Pension disaster facing state government

 

Pennsylvania’s pension crisis is staring it in the face. It’s time for the legislature to act quickly to devise a solution that balances the needs of taxpayers, workers, and retirees.
 
It is now estimated that the cost of taxpayers’ contributions to pension funds for state employees and teachers will soar from less than $1 billion now to nearly $6 billion in three years.
 
Taxpayers can’t afford such an abrupt hit. Many of them are also on the hook for their towns’ underfunded municipal pension systems, such as Philadelphia’s.
School districts’ share of contributions to the teachers’ pension system is set to triple, from $660 million to about $1.9 billion. Homeowners could see annual property tax increases of $500.
 
Three culprits caused the “rate spike”: stock-market plunges, an increase in benefits granted in 2001 by the legislature and then-Gov. Tom Ridge, and the state’s failure to contribute adequately to the funds in past years.
 
Yet the state and school districts must honor their contractual promises to people who are counting on these retirement benefits. There are 240,000 active employees and 168,000 retirees in the school employees’ pension system, and an additional 110,000 active workers and 107,000 retirees in the state government pension system.
 
There are no easy fixes. But one promising path is to combine Gov. Rendell’s plan to stretch out the short-term burden with a proposal by Republican legislators for long-term reform of the teachers’ pension system.
 
Rendell wants to re-amortize the pension liabilities over 30 years. He’d phase in the increases over the next 10 years. Workers’ benefits wouldn’t be reduced, and taxpayers wouldn’t face a large burden all at once. But this plan also pushes the problem down the road.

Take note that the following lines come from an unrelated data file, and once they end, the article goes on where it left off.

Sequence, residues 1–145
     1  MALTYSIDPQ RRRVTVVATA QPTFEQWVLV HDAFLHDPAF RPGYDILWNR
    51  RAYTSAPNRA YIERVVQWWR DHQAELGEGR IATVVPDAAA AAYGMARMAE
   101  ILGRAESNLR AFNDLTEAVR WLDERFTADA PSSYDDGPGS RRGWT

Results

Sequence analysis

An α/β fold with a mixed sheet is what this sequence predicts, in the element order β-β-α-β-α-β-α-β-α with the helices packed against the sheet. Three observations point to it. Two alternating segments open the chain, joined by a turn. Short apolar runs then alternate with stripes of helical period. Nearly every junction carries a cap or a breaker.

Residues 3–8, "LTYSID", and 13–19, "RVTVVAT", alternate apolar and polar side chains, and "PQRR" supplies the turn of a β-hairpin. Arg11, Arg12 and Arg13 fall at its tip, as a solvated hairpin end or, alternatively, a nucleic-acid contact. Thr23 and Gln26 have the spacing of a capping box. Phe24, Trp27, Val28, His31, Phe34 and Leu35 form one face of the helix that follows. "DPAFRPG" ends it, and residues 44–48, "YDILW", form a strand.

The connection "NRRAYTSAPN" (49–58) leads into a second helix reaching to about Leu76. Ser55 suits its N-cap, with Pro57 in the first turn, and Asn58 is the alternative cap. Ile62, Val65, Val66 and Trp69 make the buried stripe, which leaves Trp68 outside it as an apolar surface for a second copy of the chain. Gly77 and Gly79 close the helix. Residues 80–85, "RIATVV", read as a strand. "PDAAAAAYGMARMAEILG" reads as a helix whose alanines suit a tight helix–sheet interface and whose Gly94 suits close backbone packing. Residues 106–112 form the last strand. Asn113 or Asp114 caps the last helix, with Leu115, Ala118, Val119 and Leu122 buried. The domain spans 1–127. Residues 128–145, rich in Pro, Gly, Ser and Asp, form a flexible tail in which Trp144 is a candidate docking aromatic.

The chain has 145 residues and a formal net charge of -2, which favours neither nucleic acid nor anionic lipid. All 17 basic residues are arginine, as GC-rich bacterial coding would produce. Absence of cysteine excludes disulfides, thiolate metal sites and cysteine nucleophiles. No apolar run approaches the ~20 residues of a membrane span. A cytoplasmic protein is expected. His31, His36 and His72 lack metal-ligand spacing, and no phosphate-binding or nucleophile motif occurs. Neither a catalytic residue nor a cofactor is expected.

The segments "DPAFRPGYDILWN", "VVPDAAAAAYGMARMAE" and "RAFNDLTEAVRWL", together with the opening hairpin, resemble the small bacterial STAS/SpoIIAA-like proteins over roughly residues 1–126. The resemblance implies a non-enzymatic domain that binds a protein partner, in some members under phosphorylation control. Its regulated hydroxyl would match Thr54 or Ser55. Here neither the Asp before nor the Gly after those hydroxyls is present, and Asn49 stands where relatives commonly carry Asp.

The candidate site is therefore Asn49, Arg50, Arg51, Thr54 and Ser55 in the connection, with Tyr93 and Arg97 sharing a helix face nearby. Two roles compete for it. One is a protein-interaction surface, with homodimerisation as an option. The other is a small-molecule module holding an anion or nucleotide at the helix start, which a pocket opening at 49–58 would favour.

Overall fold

A long-term pension solution with merit has been offered by Sen. Eugene Yaw (R., Lycoming) and Rep. Glen Grell (R., Cumberland). They would change the pension system for future school employees from a defined-benefit plan to a blended system, which includes benefits guaranteed by employers and contributions from workers.
 
This proposal wouldn’t affect benefits of current retirees or any teachers now in the system. It would likely result in lower benefits for future employees.
 
The Pennsylvania School Boards Association has endorsed this hybrid plan. The Pennsylvania State Education Association, the teachers’ union, opposes it.
 
PSEA spokesman Wythe Keever said three states that tried similar plans scrapped them. Two states shifted to more conventional 401(k)-style plans, without employee-guaranteed benefits.
 
The legislature needs to act with urgency. That won’t be easy, considering Democrats’ traditional alliance with teachers’ unions. But doing nothing is no longer an option in this crisis.

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